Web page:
Sharif again appealed, this time to the Seventh Circuit. The Seventh Circuit affirmed the district court’s decision in part and reversed in part. The Seventh Circuit affirmed that the judgment against Sharif with respect to the claim asserted by Wellness as non-dischargeable; however, the Seventh Circuit reversed the ruling declaring that the Trust was property of the bankruptcy estate. The Seventh Circuit ruled that a litigant, such as Sharif, cannot waive a Stern argument and since the determination of whether the Trust is an alter ego of Sharif was a claim prohibited from proceeding before the bankruptcy court by the Constitution, the bankruptcy court lacked constitutional authority to declare the Trust property of the bankruptcy estate.

The Supreme Court Decision

In a 6-3 decision, the Supreme Court reversed the Seventh Circuit and held that litigants may validly consent to the adjudication of Stern Claims (and other claims) by the bankruptcy court. The majority began the decision discussing the fact that since the founding of the Republic, parties have been permitted to consent to adjudication before non-Article III tribunals and those judgments are binding. The Supreme Court found, relying on precedent, that litigation before an Article III judge is a personal right that can waived so long as the waiver does not implicate a structural challenge to the constitutionally mandated separate of powers. Meaning, parties can consent to trial before a non-Article III court, such as a bankruptcy court, so long as the claims at issues do not result in a challenge to the separation of powers mandated by the Constitution.

The Supreme Court further stated that separation of powers is not challenged so long as Article III courts retain supervisory authority over the process. Indeed, the Supreme Court stated that “[a]djudication based on litigant consent has been a consistent feature of the federal court system since its inception. Reaffirming that unremarkable fact, we are confident, poses no great threat to anyone’s birthrights, constitutional or otherwise.”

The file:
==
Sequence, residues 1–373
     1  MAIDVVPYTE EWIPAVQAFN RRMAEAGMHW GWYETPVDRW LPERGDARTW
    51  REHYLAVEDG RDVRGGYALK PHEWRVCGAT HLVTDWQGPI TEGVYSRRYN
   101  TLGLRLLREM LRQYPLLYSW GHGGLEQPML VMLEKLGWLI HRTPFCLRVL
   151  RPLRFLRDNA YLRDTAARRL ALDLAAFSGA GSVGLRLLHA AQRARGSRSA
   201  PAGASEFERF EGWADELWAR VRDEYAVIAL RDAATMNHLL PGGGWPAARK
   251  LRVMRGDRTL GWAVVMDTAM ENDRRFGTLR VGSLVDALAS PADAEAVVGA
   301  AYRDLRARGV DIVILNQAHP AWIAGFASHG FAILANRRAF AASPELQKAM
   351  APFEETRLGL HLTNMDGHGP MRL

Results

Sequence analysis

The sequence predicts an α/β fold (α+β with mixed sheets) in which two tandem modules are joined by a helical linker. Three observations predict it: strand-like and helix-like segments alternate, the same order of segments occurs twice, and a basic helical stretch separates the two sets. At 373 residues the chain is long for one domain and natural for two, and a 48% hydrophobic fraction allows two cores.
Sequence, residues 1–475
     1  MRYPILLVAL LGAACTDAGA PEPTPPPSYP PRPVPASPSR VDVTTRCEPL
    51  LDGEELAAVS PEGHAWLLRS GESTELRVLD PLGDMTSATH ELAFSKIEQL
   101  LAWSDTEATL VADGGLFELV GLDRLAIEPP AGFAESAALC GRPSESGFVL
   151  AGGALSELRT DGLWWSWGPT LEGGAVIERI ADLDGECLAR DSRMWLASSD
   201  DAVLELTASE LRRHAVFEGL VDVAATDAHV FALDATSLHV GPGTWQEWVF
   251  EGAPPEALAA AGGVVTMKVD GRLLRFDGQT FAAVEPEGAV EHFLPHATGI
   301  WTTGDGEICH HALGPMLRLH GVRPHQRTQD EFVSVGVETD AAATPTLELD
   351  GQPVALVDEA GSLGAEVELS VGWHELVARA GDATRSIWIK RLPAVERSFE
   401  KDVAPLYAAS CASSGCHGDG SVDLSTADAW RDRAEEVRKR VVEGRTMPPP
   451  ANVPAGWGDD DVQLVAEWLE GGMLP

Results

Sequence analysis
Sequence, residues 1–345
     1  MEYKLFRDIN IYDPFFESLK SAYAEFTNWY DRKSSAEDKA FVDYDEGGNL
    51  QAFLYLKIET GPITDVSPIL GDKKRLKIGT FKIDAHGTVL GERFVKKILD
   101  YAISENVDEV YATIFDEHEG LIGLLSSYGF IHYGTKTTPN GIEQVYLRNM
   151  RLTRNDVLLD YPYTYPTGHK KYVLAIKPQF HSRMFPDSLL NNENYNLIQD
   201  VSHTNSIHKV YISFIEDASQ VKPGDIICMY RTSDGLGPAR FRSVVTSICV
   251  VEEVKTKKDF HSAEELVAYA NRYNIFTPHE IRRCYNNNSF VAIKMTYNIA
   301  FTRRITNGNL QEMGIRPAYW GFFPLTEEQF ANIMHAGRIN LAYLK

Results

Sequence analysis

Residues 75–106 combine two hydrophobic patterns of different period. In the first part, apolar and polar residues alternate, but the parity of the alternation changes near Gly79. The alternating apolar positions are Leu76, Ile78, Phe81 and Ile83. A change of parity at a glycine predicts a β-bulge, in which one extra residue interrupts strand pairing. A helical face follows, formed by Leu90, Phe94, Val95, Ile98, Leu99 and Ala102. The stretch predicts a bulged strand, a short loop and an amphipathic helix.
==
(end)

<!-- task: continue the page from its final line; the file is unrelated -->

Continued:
The crux of the Wellness decision is the fact that when a party consents to adjudication by a non-Article III tribunal, the party knowingly and voluntarily does so and, therefore, waives that constitutional protection. The Supreme Court distinguished the situation in Wellness from the one in Stern because, in Stern, the litigant had no choice at the time but to litigate in bankruptcy court. The litigant in Stern was “forced” to litigate before a non-Article III court due to existing rules and jurisprudence at the time. Whereas in Wellness, Sharif likely consented to adjudication before the non-Article III bankruptcy court and, therefore, since the bankruptcy court is a division of and under the supervision of the Article III district court, the litigants could consent to trial before the bankruptcy court without offending the separation of powers mandated that doomed the jurisdiction of the bankruptcy court under Stern.

The Wellness decision does not address what is required to determine if a litigant consents to non-Article III adjudication. Sharif argued that such consent must be expressed. The Supreme Court disagreed, stating that consent can be implied but such consent must be knowing and voluntary. The Supreme Court did not, however, go any further and did not decide if Sharif’s consent, by admitting that the adversary proceeding was “core,” was sufficient.

Chief Justice Roberts (the author of Stern) and Justices Scalia and Thomas dissented in the decision.

Thoughts and Conclusion

The Wellness decision goes a long way to restoring bankruptcy court jurisdiction that was eroded or eliminated by Stern and Bellingham. By reaffirming that parties’ consent to final resolution by a bankruptcy court is permissible, the Supreme Court is restoring jurisdiction that was taken by previous decisions. As a result, the Wellness decision should substantially eliminate ancillary litigation over jurisdiction that has developed in the wake of Stern. Nevertheless, the failure of the Supreme Court to clearly delineate the contours of what is “consent” for constitutional purposes will open another avenue of litigation that may complicate the very litigations that Wellness is trying to streamline.